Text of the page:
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Malaysia’s investments in its home-grown employees are starting to pay off, as the country is now ranked in a better position than Singapore to retain local talent, as well as attract talent from overseas, according to one study.
These indicators of how well a country’s local talent meets its corporate needs have been developed by IMD, which has just released its World Talent Report, with Switzerland topping the ranking.
Europe dominates the top of the charts, with Switzerland followed by Denmark, Germany, and Finland. In fifth place is Malaysia – the only Asian country to feature within the top 10.
The ranking assesses a country’s ability to develop, attract, and retain talent for companies that operate there. It is reflective of three factors:
- Investment and development in home-grown talent (for example, public investment in education)
- Appeal (how well the country retains home-grown talent and attracts talent from overseas)
- Readiness (a country’s ability to fulfil market demands with its available talent pool).
The report attributes Malaysia’s strong performance to slow and steady improvements made by the country’s labour and education systems.
Among the former attribute, one of the areas of improvement is its score on employee training, which has moved up from 6.17 in 2005 to 7.71 in 2014. The report also noted a rise in the availability of skilled labour, as well as in the access to competent senior managers.
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In addition, the study found an enhancement in the ability of the country’s educational institutions to meet the talent requirement of the market. The educational system indicator rose from 5.54 to 6.86, as did the university education criterion.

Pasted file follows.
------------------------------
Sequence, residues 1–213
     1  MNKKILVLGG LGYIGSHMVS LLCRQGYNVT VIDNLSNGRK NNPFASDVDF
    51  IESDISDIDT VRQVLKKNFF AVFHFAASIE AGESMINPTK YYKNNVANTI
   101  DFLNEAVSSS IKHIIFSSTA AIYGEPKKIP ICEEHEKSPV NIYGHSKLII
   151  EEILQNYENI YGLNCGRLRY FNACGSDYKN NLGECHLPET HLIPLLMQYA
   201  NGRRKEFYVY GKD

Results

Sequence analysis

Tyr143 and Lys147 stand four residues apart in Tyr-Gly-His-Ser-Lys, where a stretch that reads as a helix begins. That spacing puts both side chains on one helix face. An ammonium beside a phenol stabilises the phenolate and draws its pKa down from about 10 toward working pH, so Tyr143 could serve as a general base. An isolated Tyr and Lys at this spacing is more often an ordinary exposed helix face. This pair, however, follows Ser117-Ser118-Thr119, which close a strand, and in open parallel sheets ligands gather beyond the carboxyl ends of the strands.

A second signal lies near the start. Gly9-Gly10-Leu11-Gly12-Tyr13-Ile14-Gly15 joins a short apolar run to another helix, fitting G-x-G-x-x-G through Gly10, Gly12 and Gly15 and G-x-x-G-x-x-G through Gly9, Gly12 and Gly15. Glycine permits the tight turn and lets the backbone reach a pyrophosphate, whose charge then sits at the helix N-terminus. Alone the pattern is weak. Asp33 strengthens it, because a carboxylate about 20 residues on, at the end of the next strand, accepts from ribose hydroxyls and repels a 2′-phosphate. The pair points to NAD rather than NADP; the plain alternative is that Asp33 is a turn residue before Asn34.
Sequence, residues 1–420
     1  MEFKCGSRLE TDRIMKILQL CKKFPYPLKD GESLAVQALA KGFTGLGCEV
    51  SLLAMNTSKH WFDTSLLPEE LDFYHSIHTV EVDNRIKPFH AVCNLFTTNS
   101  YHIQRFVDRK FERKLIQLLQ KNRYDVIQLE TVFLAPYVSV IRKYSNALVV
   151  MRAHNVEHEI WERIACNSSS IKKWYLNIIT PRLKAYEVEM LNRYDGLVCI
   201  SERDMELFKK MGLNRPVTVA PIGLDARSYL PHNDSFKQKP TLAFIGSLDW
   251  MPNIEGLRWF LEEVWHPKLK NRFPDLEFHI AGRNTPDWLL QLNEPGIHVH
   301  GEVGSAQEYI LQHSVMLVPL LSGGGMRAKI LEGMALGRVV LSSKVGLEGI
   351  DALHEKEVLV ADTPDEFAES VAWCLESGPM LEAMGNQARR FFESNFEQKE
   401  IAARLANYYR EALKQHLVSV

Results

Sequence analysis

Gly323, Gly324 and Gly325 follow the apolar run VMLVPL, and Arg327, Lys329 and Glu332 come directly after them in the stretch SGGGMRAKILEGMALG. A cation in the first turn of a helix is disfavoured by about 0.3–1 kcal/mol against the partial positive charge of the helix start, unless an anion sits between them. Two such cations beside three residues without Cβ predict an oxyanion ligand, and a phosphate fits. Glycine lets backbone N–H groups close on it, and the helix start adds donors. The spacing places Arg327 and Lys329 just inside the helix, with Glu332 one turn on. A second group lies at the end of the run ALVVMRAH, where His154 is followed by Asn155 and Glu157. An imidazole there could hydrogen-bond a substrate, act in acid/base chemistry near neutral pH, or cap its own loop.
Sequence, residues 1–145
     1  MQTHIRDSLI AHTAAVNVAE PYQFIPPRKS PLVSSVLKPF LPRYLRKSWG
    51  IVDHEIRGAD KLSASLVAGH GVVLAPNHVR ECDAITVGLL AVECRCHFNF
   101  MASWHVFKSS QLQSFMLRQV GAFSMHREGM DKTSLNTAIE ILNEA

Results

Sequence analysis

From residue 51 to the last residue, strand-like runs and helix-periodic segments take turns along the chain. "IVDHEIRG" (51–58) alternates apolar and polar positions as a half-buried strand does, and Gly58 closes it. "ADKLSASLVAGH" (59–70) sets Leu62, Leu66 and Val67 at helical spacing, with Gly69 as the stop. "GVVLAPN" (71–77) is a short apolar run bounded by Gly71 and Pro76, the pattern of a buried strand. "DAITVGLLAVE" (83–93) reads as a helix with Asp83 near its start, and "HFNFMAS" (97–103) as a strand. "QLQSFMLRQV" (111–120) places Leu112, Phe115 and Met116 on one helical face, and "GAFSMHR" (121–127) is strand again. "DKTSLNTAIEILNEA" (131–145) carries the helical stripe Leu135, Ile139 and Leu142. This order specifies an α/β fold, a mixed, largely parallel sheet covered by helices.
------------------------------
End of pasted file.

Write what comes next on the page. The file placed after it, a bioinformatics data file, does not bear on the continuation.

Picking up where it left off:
It also marked an improvement in language skills. Earlier this year, a new government policy was announced, requiring Malaysian university students to first pass an English language paper before being granted their degree.
In terms of appeal, the study found an improvement in the level of worker motivation from 6.08 in 2005 to 7.68 in 2014. Brain drain, which leads to a country losing out on its local talent, was another area where the country showed improvement.
In addition to being able to retain its local workers, it was also able to foreign highly skilled people, up from 6.42 in 2005 to 7.24 in 2014.
“The Malaysian example shows that a strategy aimed at improving both the home-grown and overseas talent has a positive impact on the country’s performance in the overall talent ranking,” said the study.
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On the other hand, Singapore has dropped out of the top 10, slipping to 16th place in 2014. The reasons for this appear to be low scores in investment and development, even as the cost of living is high, “suggesting that Singapore currently has a large pool of talent that it has nurtured and attracted, but that this pool may shrink slightly in the future.”
It goes on to explain there may be a fair degree of imbalance between the criteria covering the home-grown talent pipeline and the ability of the country to attract overseas talent.
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